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Depth Of Field

Depth of field is controlled by the Aperture setting, but is also dependent on the focal length of the lens used.

Stated simply, it is the amount of a photograph in focus in front of, and behind, the point of focus. In other words, if you focus on an object, depth of field is the amount of the photograph that is in focus in front of and behind the object (see example below).

The depth of field is greater using a small aperture setting (eg. F11) than when using a large aperture setting (eg. F2.8).

The focal length of the lens also makes a difference to depth of field – a longer focal length reduces depth of field, while a wide angle lens will give a larger depth of field in a photograph.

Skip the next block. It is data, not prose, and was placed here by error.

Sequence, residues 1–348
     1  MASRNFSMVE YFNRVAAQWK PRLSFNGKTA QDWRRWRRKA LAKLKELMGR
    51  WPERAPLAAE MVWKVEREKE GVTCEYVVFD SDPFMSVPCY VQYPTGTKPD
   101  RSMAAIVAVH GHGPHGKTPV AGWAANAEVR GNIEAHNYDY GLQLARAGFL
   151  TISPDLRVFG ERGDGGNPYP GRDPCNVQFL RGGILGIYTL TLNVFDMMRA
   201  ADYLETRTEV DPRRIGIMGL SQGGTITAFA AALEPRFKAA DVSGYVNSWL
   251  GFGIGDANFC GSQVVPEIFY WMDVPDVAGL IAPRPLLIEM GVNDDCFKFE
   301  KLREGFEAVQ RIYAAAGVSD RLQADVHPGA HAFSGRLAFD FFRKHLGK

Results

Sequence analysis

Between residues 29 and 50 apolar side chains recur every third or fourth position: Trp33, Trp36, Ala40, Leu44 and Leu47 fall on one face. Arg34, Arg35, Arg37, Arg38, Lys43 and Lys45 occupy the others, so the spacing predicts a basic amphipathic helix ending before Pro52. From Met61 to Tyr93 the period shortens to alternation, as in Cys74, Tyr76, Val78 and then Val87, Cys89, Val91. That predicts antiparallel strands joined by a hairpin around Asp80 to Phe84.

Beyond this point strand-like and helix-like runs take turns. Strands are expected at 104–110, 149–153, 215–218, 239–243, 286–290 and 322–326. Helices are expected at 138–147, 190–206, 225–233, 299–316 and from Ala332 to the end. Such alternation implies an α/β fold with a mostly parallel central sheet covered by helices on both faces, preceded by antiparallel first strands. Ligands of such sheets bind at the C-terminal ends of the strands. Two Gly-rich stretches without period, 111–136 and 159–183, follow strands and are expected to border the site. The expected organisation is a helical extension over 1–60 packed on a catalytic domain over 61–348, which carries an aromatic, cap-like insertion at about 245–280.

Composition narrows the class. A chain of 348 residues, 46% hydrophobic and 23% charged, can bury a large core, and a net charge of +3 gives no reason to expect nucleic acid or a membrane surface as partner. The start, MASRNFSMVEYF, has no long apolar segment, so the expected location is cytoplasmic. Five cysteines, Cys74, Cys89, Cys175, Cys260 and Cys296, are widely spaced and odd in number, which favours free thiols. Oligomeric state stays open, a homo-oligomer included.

It’s important to understand the basics of depth of field as it can ruin a photograph if a critical part is not in focus.

Most SLR cameras have a Depth of Field Preview button, usually found beside the lens mount, which, when pressed, will show amount of the photograph that will be in focus based on the current settings.

A point to note is that there will be two thirds of the available depth of field behind the object, while there will be one third in front of an object.


Small Depth of Field  
Large Depth of Field
Small Depth of Field (F3.5)
Large Depth of Field (F13)



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